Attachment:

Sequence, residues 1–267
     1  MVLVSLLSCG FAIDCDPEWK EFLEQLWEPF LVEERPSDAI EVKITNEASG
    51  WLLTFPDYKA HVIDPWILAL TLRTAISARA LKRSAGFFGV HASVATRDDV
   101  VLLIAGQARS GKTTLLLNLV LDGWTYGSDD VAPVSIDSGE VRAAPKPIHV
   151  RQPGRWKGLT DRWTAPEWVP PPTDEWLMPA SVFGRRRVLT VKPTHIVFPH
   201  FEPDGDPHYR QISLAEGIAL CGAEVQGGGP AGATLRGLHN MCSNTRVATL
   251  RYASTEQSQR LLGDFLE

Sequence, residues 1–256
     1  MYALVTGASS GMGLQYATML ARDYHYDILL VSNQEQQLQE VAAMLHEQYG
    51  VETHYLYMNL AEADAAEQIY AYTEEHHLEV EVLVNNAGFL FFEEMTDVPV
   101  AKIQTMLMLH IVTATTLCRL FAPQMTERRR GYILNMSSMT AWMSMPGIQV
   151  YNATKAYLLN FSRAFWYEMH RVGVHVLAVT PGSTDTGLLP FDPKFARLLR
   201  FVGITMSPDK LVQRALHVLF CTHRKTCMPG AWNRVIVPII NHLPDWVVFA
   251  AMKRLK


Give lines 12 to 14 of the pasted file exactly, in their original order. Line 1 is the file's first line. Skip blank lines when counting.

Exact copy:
   151  YNATKAYLLN FSRAFWYEMH RVGVHVLAVT PGSTDTGLLP FDPKFARLLR
   201  FVGITMSPDK LVQRALHVLF CTHRKTCMPG AWNRVIVPII NHLPDWVVFA
   251  AMKRLK